Finally, IMHO, Matthew described not something that was witnessed but rather inferred it from what they saw as the various translations such as the NASB make clearer by stating

    Scripture Verse: Matthew 28:2

    And behold, a severe earthquake had occurred, for an angel of the Lord descended from heaven and came and rolled away the stone, and sat upon it

    © Copyright Original Source



    [*Bolding added by rogue06*]

    Weymouth New Testament translates the passage as

    Scripture Verse: Matthew 28:2

    But to their amazement there had been a great earthquake

    © Copyright Original Source



    Please note how this would also indicate that the women inferred that the angel descended from Heaven, not that they witnessed it.

    It should be noted that in his Gospel Matthew appears to largely emphasize what happened and tends to group his information by theme (topical arrangement) and isn't too concerned with exact chronological order. For example, he mentioned the women coming to the tomb in the first verse, but then makes these comments as an aside -- this is what had happened prior to women arriving.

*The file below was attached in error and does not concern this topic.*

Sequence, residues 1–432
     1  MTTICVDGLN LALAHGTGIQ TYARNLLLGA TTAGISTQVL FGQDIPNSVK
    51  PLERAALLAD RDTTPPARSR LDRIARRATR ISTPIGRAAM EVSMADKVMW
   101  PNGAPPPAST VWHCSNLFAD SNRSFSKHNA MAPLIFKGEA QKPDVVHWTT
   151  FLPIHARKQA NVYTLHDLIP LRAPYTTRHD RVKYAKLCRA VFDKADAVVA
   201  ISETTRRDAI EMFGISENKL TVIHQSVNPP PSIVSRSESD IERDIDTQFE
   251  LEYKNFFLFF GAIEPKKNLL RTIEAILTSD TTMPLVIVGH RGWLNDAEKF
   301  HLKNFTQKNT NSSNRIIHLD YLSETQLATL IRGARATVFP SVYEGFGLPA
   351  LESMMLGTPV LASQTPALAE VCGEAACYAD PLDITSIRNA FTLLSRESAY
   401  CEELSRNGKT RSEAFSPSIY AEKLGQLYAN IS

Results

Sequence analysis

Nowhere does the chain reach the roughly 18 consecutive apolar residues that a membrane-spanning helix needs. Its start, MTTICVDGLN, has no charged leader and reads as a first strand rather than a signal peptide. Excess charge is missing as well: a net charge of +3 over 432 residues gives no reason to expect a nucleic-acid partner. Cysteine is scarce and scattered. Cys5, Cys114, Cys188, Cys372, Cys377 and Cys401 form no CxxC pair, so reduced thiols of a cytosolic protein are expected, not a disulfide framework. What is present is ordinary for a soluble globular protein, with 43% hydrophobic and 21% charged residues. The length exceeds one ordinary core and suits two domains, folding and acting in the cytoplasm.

Now, as to whether there were men or angels there and just how many of them were there (one or two)...

    Leave a comment:


  • tabibito
    replied
    Originally posted by rogue06 View Post
    Actually, as the post notes, I said that "the idea of an earthquake taking place is far from preposterous." Apparently, there must be too subtle of a difference between saying that "the idea of an earthquake taking place is far from preposterous" and saying that it did happen for you to discern any difference.

    And FWICT, he asked you what you thought not what you believe that I think.
    Far from preposterous yes, but the text isn't pointing to a seismic event. It simply says that rolling the rock away from the tomb caused the ground to quake. Given that the area is mostly limestone, that is an expected outcome.

    Leave a comment:


  • rogue06
    replied
    Originally posted by Hypatia_Alexandria View Post

    Well certainly rogue06 is of that opinion:


    See post #103
    Actually, as the post notes, I said that "the idea of an earthquake taking place is far from preposterous." Apparently, there must be too subtle of a difference between saying that "the idea of an earthquake taking place is far from preposterous" and saying that it did happen for you to discern any difference.

    And FWICT, he asked you what you thought not what you believe that I think.

    Leave a comment:


  • Hypatia_Alexandria
    replied
    Originally posted by tabibito View Post

    And you think that is a record of an earthquake? ... 可哀そうな

    To repeat my earlier post (#186)

    Qualified by context: αγγελος γαρ κυριου καταβας εξ ουρανου προσελθων απεκυλισεν τον λιθον for an angel of the Lord having descended from heaven, having arrived, rolled away the stone…”

    Do you perhaps think that the addition of accents changes the meaning?
    Well certainly rogue06 is of that opinion:


    Originally posted by rogue06 View Post